Despite the challenging economic environment, Canadian defined benefit pension plans saw a median return of 4.27 per cent in the fourth quarter of 2022, according to BNY Mellon’s Canadian master trust universe.
The universe, which is based on $290.3 billion worth of assets under management across 84 corporate, public and university pension plans, found the one-year median return as of Dec. 31, 2022 was negative 7.48 per cent, while the median 10-year annualized return was 7.3 per cent.
“The world continues to face tough economic conditions and elevated risks, including geopolitical uncertainty and ongoing inflation,” said David Cohen, director of global risk solutions at BNY Mellon, in a press release. “We nonetheless saw some positive developments towards the end of 2022, such as the relaxation of China’s zero-COVID policy and the slowing of interest rate increases.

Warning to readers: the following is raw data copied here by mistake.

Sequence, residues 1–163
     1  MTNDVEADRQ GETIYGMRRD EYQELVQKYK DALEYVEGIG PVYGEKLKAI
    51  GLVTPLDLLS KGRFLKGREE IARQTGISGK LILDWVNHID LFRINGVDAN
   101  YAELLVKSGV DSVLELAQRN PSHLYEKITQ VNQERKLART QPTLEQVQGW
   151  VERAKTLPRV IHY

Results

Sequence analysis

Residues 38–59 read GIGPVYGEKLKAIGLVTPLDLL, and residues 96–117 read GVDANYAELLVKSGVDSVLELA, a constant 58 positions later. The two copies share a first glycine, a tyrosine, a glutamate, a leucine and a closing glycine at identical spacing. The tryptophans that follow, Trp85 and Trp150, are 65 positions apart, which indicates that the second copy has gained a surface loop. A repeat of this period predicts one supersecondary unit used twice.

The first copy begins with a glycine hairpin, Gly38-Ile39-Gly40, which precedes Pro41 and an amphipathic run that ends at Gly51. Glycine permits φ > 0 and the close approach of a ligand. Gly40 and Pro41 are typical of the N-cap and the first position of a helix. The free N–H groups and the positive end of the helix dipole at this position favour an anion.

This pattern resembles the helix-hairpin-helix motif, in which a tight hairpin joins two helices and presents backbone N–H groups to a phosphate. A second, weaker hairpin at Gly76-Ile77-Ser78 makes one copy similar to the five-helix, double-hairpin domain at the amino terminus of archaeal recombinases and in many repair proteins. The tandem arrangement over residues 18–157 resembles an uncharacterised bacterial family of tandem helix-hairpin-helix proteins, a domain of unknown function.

“Positive performance in October and November helped Canadian pension plan sponsors offset some of the underperformance from the first half of the year. Private asset classes continued to provide strong support, while fixed income was a clear detractor as interest rates rose through 2022.”
Indeed, among traditional asset classes, fixed income was the worst performer, posting a flat quarterly return of 0.43 per cent. International equity posted the highest performance, with a quarterly median return of 13.38 per cent.
With respect to non-traditional asset classes, private equity delivered the highest performance, with a quarterly median return of 2.1 per cent, while hedge funds ended the quarter with a median return of 1.74 per cent and real estate delivered a flat performance for the quarter, returning negative 0.19 per cent.